The primary side effect (and major limitation) of ESC is a high incidence of what is called severe compensatory hyperhidrosis in the trunk and lower limbs. A 2005 study reports an incidence of up to 86% of those who have the procedure, develop compensatory hyperhidrosis (CS), but a more recent, 2017 study sheds light on who may be at highest and lowest risk. According to the 2017 study authors conclusion, "This study demonstrates that older age, operation level, facial blushing, and high BMI are risk factors for CS, as have been shown in several similar studies. An interesting finding of the present study is that there was a decreased incidence of CS among patients with plantar sweating."

Compensatory hyperhidrosis is a condition in which the body begins excessive sweating in other, broader areas, as a response to the surgically treated areas. The areas involved in compensatory hyperhidrosis commonly involve the chest, back, gluteal (buttocks) area, and the abdomen. Other side effects of endoscopic thoracic sympathectomy include:

  • Phantom sweating (the sensation that sweating is impending, in the absence of any excessive sweat)
  • Neuralgia (nerve pain)
  • Horner’s syndrome
  • Pneumothorax (collapsed lung)
  • Sexual dysfunction (linked to lumbar [lower back] sympathectomy for plantar hyperhidrosis)

Other surgical procedures for focal hyperhidrosis include:

  • Liposuction
  • Axillary (under the arm) curettage
  • Excision of axillary (under the arm) tissue

Note: Because of the high incidence of severe, long-term side effects (such as compensatory hyperhidrosis), surgical procedures to treat hyperhidrosis are usually limited to cases in which other, non-invasive treatment modalities (such as prescription antiperspirants, Botox and iontophoresis) have failed.

Home Remedies and Lifestyle

There are ways to deal with excessive sweating that may help.

Baking soda: Baking soda’s alkaline properties enable it to reduce body odor. It can be mixed with water and applied topically (to the skin) in the armpits to reduce odor. Be sure to do a patch test to ensure you do not have an allergic reaction before applying baking soda or any other natural remedy to the skin.   

Diet: Some foods are thought to cause excessive sweating and should be avoided when a person has hyperhidrosis. For example, spicy foods like hot chili (containing capsaicin) stimulate the receptors of the nerves in the skin, tricking the body and making the nervous system sense that the body is hot. The brain then signals the skin to begin sweating, which is its natural way to cool the body down.

Complementary and Alternative Medicine (CAM)

Several complementary and alternative treatment methods have been used to treat hyperhidrosis, however, there is a lack of clinical research data evidence to back the claims of efficacy in their use.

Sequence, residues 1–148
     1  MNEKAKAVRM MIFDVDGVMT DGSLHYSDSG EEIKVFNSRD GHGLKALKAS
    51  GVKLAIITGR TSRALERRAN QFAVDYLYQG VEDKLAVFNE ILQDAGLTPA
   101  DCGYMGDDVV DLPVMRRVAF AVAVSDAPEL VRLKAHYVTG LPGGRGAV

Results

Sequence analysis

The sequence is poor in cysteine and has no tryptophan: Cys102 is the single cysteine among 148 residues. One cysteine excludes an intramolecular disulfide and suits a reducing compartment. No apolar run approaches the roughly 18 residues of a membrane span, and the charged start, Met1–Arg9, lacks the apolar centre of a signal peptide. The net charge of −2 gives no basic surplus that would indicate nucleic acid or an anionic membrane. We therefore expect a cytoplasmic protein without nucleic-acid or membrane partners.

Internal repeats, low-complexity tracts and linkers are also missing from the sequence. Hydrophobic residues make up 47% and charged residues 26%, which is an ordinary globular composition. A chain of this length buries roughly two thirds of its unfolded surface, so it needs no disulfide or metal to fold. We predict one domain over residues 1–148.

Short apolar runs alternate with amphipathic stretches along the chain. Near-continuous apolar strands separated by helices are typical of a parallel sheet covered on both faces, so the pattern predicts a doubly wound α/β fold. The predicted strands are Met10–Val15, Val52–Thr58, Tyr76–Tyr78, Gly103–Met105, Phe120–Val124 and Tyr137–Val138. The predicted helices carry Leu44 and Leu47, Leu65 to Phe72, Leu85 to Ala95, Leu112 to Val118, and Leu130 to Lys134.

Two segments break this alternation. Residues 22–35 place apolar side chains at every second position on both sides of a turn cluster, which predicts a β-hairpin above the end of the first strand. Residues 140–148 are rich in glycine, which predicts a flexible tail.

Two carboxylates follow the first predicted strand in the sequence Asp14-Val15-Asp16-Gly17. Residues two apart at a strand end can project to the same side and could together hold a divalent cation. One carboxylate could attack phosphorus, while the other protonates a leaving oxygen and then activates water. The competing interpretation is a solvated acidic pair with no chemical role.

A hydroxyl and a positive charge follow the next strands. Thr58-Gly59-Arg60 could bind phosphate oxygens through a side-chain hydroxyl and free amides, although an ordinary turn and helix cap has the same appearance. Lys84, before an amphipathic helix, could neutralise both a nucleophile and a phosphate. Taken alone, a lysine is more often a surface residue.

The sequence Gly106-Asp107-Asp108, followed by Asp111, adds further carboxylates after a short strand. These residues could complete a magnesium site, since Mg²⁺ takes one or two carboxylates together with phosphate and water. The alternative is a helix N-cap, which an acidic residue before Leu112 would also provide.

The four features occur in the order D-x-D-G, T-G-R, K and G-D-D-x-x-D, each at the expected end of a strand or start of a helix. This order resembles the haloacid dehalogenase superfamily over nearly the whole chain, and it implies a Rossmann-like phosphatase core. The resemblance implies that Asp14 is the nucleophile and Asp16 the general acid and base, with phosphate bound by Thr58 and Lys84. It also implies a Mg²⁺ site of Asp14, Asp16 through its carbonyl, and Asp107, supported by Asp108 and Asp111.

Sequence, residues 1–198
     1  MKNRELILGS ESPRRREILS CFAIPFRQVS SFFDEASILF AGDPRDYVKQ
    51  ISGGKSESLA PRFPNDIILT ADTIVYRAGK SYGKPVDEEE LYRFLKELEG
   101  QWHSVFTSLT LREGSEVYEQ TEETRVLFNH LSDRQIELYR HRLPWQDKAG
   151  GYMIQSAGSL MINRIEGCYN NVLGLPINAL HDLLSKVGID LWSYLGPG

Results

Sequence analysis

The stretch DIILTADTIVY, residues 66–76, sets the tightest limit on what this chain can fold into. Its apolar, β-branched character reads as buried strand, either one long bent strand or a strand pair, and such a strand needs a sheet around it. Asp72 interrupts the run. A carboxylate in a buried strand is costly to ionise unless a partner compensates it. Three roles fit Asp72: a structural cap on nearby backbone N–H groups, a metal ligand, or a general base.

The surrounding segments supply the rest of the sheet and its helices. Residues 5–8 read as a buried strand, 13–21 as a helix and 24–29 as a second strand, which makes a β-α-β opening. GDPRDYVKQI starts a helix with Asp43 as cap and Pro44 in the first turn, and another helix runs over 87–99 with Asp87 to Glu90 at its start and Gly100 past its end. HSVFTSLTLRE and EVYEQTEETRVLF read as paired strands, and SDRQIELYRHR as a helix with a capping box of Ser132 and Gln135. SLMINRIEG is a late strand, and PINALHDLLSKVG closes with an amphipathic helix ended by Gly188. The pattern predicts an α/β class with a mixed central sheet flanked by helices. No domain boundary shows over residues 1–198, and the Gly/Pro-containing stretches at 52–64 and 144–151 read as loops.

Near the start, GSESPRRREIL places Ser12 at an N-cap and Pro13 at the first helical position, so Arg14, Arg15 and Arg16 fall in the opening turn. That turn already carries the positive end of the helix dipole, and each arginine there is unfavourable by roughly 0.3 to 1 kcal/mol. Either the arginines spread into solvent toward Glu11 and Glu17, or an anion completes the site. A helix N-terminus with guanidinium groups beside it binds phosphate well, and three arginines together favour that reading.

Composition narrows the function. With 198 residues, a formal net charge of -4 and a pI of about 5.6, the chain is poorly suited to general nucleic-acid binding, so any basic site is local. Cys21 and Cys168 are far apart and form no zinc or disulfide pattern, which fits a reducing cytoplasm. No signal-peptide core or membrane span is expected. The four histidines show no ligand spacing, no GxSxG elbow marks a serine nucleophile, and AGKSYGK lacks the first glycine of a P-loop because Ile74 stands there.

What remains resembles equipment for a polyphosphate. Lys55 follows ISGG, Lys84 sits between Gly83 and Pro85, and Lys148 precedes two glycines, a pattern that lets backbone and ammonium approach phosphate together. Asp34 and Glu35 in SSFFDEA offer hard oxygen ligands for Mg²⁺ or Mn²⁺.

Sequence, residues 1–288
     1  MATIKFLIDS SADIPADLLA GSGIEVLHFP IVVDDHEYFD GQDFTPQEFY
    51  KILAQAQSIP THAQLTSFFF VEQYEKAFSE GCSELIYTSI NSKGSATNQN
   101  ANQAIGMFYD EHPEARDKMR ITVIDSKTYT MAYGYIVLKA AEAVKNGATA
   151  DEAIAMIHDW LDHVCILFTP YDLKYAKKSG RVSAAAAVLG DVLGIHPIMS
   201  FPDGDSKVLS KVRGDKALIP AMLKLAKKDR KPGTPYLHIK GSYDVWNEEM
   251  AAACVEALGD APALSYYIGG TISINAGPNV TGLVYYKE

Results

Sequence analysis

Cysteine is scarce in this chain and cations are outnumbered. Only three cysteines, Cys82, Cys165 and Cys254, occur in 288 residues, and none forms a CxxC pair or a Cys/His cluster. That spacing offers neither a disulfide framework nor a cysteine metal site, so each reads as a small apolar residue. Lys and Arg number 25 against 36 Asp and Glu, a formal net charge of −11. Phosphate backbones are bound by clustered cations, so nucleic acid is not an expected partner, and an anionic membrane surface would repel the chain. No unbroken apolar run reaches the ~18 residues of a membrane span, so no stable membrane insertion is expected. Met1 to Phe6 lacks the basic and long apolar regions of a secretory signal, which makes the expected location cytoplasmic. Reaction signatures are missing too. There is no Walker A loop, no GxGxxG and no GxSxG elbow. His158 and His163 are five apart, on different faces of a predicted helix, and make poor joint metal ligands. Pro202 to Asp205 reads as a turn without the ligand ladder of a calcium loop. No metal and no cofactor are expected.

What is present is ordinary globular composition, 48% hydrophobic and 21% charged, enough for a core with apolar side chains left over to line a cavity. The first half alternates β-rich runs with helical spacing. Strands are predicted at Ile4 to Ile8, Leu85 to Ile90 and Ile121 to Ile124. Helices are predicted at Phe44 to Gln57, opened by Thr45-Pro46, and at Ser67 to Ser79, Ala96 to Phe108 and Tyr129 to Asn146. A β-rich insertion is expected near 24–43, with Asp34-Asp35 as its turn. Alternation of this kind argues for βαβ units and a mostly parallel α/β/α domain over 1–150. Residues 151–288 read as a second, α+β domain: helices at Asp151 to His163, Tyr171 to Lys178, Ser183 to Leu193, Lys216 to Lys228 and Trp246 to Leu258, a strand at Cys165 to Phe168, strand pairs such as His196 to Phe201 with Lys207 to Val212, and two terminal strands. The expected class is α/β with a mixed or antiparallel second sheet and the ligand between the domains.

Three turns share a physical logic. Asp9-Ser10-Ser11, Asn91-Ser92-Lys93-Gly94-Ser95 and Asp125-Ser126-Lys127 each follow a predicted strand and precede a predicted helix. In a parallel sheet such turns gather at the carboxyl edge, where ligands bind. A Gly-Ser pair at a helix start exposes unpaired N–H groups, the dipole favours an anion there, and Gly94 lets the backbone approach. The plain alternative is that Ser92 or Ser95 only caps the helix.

Examples of natural remedies and alternative treatment modalities used to treat hyperhidrosis include:

  • Biofeedback
  • Relaxation techniques
  • Hypnosis
  • Acupuncture

A Word From Verywell

The treatment options for hyperhidrosis may be confusing, simply because there are so many options. To simplify, here is a summarization, in order of the most to least effective treatments (according to the clinical research studies):

  • The first line of defense for primary focal axillary (under the armpit) hyperhidrosis (the most prevalent form of the condition) is some type of aluminum chloride-based topical antiperspirant treatment. Aluminum chloride-based antiperspirants are also considered the first-line treatment for palmar and plantar hyperhidrosis.
  • If aluminum chloride-based antiperspirants don’t work, or if the side effects are intolerable, the second-line treatment for palmar and plantar hyperhidrosis is Qbrexza.
  • The most effective treatment—according to patient response surveys—is Botox (botulinum toxin A). But this type of treatment can be costly and extremely painful.
  • Medications, such as anticholinergic drugs, have been used to treat secondary generalized hyperhidrosis, but they lack enough clinical research to prove their safety and effectiveness. Systemic medications (those that impact the entire body), such as anticholinergic drugs should only be used to treat those with hyperhidrosis symptoms that do not respond to other types of treatment.
  • Many other drugs have been used to treat hyperhidrosis, but there is a lack of clinical research evidence to prove they are effective.
  • Surgical intervention is the last resort for those whose condition does not respond to any other type of treatment. This is because of the high incidence of severe, long-term side effects of surgical procedures, such as compensatory hyperhidrosis.
  • The safety and efficacy of natural/alternative treatment methods for hyperhidrosis has not yet been well established or backed by clinical research data.

It’s important to note that in some cases (such as secondary generalized hyperhidrosis) there is an underlying cause that, when diagnosed and treated, may stop the sweating, without any specific hyperhidrosis treatment modalities.